Munich Re of Africa sees life insurance potential in Sub-Saharan Africa


Countries in Sub-Saharan Africa (SSA) are set to grow their life insurance and reinsurance industries on the back of strong economic growth. Filipe Nunes, Head of Life at Munich Re of Africa (MRoA), told attendees at the reinsurer’s 2019 Africa Life Conference, held recently, that high GDP growth rates coupled with life insurance product innovation created the perfect platform for insurance-backed economic development on the continent. “We have seen country markets that started off with simple products such as group life and credit life taking their first steps towards complex individual life retail products,” he said.

The prospect of market-beating returns from Africa has encouraged global reinsurers to reinvent their Africa strategies. “We took a detailed look at our business – at the opportunities on the continent – and how we could best contribute to Africa’s economic growth,” said Jose Nicolas, Head of Strategy: Life at Munich Re SSA. He identified demographics as a primary driver for insurance and reinsurance industries on the continent because there is greater potential to sell life insurance policies to larger populations.

International reinsurers hoping to expand their reach in the SSA region must navigate three established trends. The first is the increased implementation by African financial market regulators of domestication policies. Domestication is an in-country regulatory intervention that requires local firms to place their insurance business with local or regional reinsurers rather than through international reinsurers. “Our approach to these policies is to partner with local and regional reinsurers and assist them with the technical support necessary to deliver appropriate solutions to end-users,” said Nunes.

These regulatory developments have created new opportunities for reinsurers under the second trend, namely the move towards capital solutions and financial joint ventures. “The 2008 Global Financial Crisis (GFC) pushed country regulators to implement risk-based frameworks for their insurance markets leaving us no choice but to react to the change,” said Nicolas. MRoA is already expanding its financial and capital management solutions, presently offered mostly in the South Africa, to other countries in the SSA region.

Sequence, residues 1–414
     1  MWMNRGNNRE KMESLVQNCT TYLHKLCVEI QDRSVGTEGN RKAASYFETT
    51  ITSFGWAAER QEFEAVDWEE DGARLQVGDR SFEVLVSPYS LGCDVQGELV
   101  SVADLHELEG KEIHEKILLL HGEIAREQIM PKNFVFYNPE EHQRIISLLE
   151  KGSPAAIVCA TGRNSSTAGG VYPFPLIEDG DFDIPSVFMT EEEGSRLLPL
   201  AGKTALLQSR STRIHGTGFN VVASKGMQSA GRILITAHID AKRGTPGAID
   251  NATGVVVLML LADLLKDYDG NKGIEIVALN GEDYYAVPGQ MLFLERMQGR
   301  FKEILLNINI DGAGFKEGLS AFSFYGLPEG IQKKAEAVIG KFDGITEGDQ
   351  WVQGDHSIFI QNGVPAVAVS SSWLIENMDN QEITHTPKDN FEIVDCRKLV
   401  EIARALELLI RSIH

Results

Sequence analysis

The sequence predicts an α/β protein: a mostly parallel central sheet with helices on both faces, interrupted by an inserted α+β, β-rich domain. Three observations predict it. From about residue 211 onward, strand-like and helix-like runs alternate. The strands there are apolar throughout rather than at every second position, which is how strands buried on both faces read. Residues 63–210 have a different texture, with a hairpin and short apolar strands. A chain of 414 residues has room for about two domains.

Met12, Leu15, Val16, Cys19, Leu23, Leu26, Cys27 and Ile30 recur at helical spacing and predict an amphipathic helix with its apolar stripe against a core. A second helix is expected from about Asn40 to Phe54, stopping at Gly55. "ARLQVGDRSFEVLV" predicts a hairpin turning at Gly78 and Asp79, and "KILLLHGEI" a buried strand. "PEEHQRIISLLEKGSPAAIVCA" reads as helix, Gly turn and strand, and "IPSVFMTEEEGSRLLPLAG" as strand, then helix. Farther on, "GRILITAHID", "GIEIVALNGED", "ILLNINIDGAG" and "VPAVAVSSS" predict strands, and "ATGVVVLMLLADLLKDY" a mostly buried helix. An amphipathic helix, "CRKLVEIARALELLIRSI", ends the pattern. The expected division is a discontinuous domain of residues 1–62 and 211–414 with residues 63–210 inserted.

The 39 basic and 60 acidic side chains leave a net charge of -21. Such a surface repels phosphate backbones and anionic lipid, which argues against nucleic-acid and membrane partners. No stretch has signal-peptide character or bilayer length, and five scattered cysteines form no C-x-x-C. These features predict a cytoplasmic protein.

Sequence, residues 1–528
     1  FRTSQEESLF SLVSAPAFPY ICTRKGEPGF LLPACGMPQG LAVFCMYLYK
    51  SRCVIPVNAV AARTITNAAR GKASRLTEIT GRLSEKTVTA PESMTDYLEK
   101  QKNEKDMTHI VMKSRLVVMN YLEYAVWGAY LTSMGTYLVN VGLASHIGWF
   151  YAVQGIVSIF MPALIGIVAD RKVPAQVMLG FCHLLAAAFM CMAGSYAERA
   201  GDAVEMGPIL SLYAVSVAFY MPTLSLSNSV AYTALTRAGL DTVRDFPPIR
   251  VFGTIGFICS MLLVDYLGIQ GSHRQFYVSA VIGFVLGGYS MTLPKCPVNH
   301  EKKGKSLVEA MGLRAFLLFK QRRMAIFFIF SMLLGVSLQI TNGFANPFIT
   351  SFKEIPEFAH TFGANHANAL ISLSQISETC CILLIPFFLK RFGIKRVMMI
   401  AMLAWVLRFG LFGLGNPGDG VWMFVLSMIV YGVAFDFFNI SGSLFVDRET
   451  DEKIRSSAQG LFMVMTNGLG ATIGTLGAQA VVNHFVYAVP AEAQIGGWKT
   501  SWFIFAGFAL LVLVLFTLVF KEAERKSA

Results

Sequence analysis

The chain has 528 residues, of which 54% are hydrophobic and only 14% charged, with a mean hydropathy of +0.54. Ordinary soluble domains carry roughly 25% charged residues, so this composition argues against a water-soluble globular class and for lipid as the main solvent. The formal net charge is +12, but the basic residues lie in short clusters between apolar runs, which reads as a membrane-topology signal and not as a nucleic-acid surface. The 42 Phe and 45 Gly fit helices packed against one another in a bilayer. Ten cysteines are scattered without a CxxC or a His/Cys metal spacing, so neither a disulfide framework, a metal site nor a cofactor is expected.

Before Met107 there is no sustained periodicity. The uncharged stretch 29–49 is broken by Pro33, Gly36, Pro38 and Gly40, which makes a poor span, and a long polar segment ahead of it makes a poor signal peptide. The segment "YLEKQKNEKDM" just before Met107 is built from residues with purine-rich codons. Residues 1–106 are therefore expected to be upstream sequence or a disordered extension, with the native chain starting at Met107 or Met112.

Nunes introduced the third and final trend, technology, as an enabler for the support function that reinsurers would play in a future-fit Africa. The high level of smartphone penetration across the continent has encouraged technology-backed innovation in various industries, with financial institutions and telecommunications firms leading the charge. Banks and mobile phone companies have teamed up to offer a range of mobile money solutions while reinsurers are developing solutions to improve efficiencies at client level. “We are in the process of developing a cloud-based online ‘group life’ quotation tool that will better service our insurance and reinsurance broker clients,” said Nunes.

The reinsurer is turning to digital age solutions to stand out in the competitive insurance and reinsurance environments. “There are over 20 reinsurers operating in the life reinsurance market in Africa,” concluded Nicolas. “It is difficult for Munich Re to differentiate itself in the existing ‘simple product’ market, but equally tough for these reinsurers to compete with us”. Under this scenario the reinsurer’s success depends on it building value at partner firms as well as the African country markets it operates in, over the long term.

Nunes added that there was scope to expand the life insurance product offering in Africa to include cover for mortality, disability critical illness, income protection, hospital cash and even retrenchment products. “Over the next few years we will deploy risk-appropriate life insurance products that make sense in each country we conduct business in,” he concluded “Our goal is to grow the life insurance market in a way that contributes to economic development at a country level”.